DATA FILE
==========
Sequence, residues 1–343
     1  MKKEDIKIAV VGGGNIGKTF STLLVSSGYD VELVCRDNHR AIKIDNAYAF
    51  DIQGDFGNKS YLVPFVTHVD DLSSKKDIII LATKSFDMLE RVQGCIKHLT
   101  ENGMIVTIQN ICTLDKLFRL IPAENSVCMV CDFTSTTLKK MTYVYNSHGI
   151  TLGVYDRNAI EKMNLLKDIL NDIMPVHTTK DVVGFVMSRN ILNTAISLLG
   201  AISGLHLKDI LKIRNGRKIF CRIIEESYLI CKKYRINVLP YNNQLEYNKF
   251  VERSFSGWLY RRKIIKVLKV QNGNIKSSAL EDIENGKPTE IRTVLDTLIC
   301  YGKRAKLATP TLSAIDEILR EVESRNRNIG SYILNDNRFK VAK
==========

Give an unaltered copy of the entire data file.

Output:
Sequence, residues 1–343
     1  MKKEDIKIAV VGGGNIGKTF STLLVSSGYD VELVCRDNHR AIKIDNAYAF
    51  DIQGDFGNKS YLVPFVTHVD DLSSKKDIII LATKSFDMLE RVQGCIKHLT
   101  ENGMIVTIQN ICTLDKLFRL IPAENSVCMV CDFTSTTLKK MTYVYNSHGI
   151  TLGVYDRNAI EKMNLLKDIL NDIMPVHTTK DVVGFVMSRN ILNTAISLLG
   201  AISGLHLKDI LKIRNGRKIF CRIIEESYLI CKKYRINVLP YNNQLEYNKF
   251  VERSFSGWLY RRKIIKVLKV QNGNIKSSAL EDIENGKPTE IRTVLDTLIC
   301  YGKRAKLATP TLSAIDEILR EVESRNRNIG SYILNDNRFK VAK